2023 water quality report shows healthy conditions in Sarasota Bay segments, director of Sarasota Bay Estuary Program tells City Commission

Local government initiatives to reduce nutrient levels a big factor in progress in recent years, Tomasko says

This table provides data about the health of the segments of Sarasota Bay over the past years. Blue represents the best water quality, with red, the worst. Image courtesy Sarasota Bay Estuary Program

Continuing the trends seen in 2022, the 2023 water quality data for the various bodies that comprise Sarasota Bay show healthy conditions, even in Little Sarasota Bay, which suffered substantially from the effects of Hurricane Ian’s rainfall, David Tomasko, director of the Sarasota Bay Estuary Program (SBEP), told the Sarasota city commissioners on April 1.

“It was bad water quality for about a month,” he noted of Little Sarasota Bay, with Hurricane Ian having dropped 5 to 15 inches of rain on the area in September 2022.

However, it is too soon to predict whether Sarasota County will experience another red tide event this year, he said in response to a question posed by Commissioner Erik Arroyo.

Another hurricane could cause a decline in water quality, Tomasko explained, and the release of water from Lake Okeechobee into the Gulf of Mexico can facilitate red tide events.

Referring to officials with the U.S. Army Corps of Engineers (USACE), Tomasko said, “They have dumped billions of gallons of Lake Okeechobee water out of the Caloosahatchee River. If we do get a red tide,” he continued, “the waters are already primed with a big load of nitrogen.”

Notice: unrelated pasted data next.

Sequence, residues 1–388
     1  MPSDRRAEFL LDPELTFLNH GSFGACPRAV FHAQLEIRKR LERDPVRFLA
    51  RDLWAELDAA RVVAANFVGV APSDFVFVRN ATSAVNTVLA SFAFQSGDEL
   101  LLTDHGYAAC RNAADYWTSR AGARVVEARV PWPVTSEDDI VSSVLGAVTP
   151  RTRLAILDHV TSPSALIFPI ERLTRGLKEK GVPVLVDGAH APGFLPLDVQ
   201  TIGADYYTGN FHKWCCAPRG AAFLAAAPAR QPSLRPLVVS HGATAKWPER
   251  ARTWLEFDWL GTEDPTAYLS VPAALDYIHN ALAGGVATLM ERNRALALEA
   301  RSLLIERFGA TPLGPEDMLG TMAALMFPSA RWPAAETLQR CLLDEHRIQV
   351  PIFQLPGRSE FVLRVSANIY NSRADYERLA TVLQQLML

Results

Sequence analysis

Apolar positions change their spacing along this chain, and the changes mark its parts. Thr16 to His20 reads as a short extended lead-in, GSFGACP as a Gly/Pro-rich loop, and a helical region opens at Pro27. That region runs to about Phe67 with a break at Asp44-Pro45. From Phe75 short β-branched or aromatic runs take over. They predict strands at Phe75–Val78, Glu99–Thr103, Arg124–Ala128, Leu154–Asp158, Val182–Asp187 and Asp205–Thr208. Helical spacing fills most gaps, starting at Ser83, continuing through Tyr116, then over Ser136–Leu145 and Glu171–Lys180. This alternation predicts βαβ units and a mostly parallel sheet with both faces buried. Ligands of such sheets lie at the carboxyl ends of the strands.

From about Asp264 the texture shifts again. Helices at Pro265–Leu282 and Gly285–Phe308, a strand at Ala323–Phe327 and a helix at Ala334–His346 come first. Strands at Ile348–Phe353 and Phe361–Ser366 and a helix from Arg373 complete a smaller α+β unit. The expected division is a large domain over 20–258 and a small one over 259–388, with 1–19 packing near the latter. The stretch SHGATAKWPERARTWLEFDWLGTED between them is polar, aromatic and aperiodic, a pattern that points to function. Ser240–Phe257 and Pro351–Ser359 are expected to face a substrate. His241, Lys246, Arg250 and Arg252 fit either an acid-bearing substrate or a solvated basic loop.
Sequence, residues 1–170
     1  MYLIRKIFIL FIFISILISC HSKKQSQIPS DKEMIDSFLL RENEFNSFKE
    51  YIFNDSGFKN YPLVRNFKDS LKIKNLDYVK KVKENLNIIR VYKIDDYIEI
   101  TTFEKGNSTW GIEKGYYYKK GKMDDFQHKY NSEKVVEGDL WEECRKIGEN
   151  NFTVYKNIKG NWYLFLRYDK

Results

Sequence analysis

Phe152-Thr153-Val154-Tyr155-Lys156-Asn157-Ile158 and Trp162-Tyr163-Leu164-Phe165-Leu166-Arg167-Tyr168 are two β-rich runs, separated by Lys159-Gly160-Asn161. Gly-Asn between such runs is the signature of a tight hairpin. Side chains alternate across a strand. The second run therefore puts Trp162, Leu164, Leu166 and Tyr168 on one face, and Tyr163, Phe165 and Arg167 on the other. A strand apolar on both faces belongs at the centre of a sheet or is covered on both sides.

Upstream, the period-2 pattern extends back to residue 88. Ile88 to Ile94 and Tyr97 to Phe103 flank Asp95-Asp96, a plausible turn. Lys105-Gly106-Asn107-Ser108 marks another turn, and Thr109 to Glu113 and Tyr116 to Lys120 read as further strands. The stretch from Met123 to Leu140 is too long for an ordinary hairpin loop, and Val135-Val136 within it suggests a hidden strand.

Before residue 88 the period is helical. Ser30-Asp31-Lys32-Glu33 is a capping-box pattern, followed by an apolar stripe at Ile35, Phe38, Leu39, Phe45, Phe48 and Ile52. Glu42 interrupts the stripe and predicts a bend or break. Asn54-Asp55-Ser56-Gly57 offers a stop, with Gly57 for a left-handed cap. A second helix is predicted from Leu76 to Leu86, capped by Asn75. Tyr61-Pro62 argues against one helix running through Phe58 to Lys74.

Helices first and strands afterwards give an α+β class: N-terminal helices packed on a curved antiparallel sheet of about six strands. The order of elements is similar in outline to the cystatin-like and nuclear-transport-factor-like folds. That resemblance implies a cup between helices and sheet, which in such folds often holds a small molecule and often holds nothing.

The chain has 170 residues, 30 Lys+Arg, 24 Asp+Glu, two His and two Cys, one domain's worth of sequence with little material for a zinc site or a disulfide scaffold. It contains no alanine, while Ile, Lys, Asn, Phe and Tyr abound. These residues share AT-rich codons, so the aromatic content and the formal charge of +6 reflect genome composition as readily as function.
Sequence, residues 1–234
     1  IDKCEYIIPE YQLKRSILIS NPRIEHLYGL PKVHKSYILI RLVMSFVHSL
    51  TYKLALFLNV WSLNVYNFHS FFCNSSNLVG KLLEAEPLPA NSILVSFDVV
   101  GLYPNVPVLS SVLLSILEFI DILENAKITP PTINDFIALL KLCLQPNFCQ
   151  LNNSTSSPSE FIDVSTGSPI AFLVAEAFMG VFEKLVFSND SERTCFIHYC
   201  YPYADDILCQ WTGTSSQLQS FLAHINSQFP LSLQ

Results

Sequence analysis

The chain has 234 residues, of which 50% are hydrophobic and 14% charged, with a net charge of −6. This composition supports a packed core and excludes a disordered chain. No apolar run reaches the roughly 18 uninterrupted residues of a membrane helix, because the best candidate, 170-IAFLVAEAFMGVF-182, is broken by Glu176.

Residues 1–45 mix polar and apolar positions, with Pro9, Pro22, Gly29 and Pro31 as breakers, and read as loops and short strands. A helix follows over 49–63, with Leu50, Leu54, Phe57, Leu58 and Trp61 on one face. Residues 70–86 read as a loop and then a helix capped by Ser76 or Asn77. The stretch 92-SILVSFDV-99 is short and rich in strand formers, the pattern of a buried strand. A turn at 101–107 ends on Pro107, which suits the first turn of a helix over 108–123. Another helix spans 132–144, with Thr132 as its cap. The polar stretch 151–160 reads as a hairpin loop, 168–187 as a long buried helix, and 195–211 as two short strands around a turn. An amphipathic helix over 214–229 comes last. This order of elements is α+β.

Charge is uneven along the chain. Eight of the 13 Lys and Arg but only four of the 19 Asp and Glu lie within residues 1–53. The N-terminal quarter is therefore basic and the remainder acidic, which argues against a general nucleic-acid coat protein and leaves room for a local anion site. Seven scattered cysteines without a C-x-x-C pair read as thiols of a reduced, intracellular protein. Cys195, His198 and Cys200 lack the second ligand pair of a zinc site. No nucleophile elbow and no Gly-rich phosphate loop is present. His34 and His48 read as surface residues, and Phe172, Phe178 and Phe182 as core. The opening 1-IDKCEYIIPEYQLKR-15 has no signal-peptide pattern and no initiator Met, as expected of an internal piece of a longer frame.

Research has shown that nitrogen is the primary food for the red tide algae, Karena brevis.

“We don’t cause red tides,” Tomasko stressed. “We cause them to be worse.”

This map shows the location of the Caloosahatchee River. Image by Karl Musser, based on U.S. Geographical Society data, for Wikipedia.

In mid-February, as the Fort Myers News-Press reported, the USACE began releases from the lake, trying to do “as much as possible before the wet season and to avoid high-volume releases, if possible, during oyster-spawning season or peak algal-bloom months.” The News-Press was referring to an Army Corps press release said.

The Caloosahatchee River flows into the Gulf of Mexico.

“El Nino rains have delivered above-average water to and around the lake, and conditions are expected to continue into spring, according to meteorologists,” the News-Press added. “Since 2008,’ the News-Press continued, “the Army Corps has worked to keep lake levels between 12.5 feet and 15.5 feet above sea level to provide flood protection and water for urbanized areas and farming.”

“Managing Sarasota Bay is about managing nitrogen loads,” Tomasko explained to the city commissioners on April 1.

Showing the board members a series of slides, he added that the reference period for Sarasota Bay is 2006 to 2012. “It was a healthy bay back then.” The increase in seagrass coverage, Tomasko noted, was 28%. “Our goal is to get back to that kind of condition.”

As an August 2022 article written by Blue Kaufman for the Florida Conservation Voters website explains, “Since seagrass is so reliant on clean and clear water, they are considered indicator species. Essentially, if seagrass is able to grow, then water quality is generally good. And while some of the hardiest seagrass varieties, like turtle grass, can withstand several years of poor water quality, other varieties like shoal grass may be impacted after only a year or two of polluted water.”

Nitrogen loads in the bay were about 20% lower from 2006 to 2012, compared to the period of 2013 to 2019, Tomasko noted in his March 13, 2024 update about the bay’s water quality, which is featured on the nonprofit’s website.

This graphic shows trends in nutrient loads in Sarasota Bay. Image courtesy City of Sarasota

Each year, he told the city commissioners on April 1, the SBEP scores every bay segment in comparison to what that water body was like during the reference period; the color coded results range from blue, which is the best, to red, which means “Something is going wrong.”